What are the digital research practices and protocols emerging from Indigenous, Black, anti-racist trans- feminist and queer science, technology, health, media and cultural studies? The conditions of compelled consent by which the cultural works of minoritized people are ‘captured’ online (through Google, Facebook, Twitter, Amazon, etc.) seem to complement long-standing colonial academic research conventions of shifty/dodgy consent in capturing minoritized people’s images, stories, cultural works and knowledges. In such a context, what kinds of strategies, attention and care-fullness do we need to cultivate as custodians of images and stories in our research, and in digital (research) culture broadly? How are researchers in these fields redefining practices and processes of consent in a digital cultural context?
Join us for Hot Line, Cold Call with Yuri Furuhata, Mél Hogan, and Chris Russill. Our three speakers will try and cool us down with their hot take on Environmental Media. We'll be talking about sweaty Zuckerberg, smart air-conditioning, site-specific weather control, and the geopolitics of planetary imaging.
MONDAY NIGHT SEMINAR: CALL FORWARD
December 2, 6:00-8:00 PM A night with guest Skawennati. Registration and event details coming soon.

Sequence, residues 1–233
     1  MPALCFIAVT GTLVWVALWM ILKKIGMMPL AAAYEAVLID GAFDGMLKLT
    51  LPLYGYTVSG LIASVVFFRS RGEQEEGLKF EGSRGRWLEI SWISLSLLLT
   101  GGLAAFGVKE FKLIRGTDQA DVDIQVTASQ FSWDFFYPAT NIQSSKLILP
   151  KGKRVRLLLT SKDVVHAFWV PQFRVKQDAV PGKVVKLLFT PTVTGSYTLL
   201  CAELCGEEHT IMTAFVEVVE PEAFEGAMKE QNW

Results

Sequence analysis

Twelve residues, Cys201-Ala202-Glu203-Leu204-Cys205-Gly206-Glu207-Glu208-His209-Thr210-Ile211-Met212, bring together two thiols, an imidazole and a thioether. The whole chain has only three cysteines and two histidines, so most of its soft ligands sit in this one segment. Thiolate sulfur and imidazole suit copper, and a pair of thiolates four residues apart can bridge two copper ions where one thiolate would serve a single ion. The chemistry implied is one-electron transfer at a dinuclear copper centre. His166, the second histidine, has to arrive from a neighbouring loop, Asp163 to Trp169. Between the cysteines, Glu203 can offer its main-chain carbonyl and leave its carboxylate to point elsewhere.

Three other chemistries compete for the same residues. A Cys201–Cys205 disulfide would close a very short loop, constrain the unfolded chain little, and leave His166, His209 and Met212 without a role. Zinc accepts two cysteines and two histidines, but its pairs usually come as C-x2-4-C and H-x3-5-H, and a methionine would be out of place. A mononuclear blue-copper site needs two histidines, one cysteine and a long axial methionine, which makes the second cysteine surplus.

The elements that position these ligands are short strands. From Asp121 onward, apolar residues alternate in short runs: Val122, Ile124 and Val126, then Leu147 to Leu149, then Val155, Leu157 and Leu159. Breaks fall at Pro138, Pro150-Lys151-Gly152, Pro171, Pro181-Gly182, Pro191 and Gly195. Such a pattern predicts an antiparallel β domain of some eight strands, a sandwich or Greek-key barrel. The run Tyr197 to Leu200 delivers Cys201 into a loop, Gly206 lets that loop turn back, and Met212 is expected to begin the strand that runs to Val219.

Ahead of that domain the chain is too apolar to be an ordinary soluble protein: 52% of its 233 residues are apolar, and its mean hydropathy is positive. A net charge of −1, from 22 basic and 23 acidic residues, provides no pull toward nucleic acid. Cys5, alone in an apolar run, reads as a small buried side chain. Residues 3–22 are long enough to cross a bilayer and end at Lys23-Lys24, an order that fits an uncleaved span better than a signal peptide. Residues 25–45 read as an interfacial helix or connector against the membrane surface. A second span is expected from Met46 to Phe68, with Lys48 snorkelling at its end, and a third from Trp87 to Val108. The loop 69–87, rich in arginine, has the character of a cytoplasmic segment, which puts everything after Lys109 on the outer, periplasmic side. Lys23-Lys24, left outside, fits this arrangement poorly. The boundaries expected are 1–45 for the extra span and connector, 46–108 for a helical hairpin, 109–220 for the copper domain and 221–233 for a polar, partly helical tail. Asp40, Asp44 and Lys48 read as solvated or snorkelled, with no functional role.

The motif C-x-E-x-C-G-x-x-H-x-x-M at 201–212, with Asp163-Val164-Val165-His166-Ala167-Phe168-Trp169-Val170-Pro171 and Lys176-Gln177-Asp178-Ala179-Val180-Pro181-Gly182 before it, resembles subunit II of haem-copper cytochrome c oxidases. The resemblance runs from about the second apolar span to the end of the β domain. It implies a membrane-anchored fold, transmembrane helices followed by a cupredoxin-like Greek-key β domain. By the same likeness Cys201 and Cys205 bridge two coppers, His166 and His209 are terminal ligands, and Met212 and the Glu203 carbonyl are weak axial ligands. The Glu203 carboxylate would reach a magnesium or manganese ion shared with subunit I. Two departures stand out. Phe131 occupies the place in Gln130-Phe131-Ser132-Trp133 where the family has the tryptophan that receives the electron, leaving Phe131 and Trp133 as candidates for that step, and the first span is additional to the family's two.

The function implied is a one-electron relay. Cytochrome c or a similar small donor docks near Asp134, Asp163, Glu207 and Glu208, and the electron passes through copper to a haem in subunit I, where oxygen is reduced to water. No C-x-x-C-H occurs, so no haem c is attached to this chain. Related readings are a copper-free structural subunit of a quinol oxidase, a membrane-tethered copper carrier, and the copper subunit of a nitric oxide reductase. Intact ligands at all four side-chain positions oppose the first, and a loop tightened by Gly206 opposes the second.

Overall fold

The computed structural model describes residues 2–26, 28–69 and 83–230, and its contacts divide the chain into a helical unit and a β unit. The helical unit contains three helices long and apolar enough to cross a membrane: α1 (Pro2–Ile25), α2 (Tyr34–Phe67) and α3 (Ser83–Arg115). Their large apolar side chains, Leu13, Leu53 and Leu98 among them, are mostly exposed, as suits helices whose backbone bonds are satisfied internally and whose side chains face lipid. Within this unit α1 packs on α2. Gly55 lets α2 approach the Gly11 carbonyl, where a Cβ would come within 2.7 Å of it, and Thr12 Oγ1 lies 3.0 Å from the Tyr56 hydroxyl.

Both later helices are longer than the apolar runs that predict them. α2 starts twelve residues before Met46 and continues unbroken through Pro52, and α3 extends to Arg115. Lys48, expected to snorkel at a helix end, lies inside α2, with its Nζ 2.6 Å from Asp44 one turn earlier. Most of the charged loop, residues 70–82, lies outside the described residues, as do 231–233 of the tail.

Communism or Neofeudalism?
On a rapidly warming planet, we see the super-rich seizing and hoarding ever more common resources and products of common labor. Is this capitalism on steroids or might this be something worse than capitalism? This talk presents "neofeudalism" as a name for tendencies in the present. It also draws out counter-tendencies that, when politically activated, could direct us to a better, communist, future.
This talk will draw a line between Mommy’s Basement to Outer Space and offer a feminist alternative to the technological escapism that pervades our present moment, justly termed the Age of You. The lone male in Mommy’s Basement, equipped with technological portals to more habitable worlds, is by now a common cultural trope. But the cliché goes beyond the wounded masculinity that festers in the extreme right wings of the political spectrum. Mommy’s Basement contains a motley crew of men who temporarily descend and retreat from social life, including the hikikomori (Japan), alt-right hate mongers, internet trolls, the new precariat, internet addicts, gamers, enterprising tech-bros, and (maybe) a few geniuses hard at work. But as this talk will argue, Mommy’s Basement isn’t a futile space: it is a powerful media lab, where unjust ideas about gender and social difference become part of the logic of new technological designs.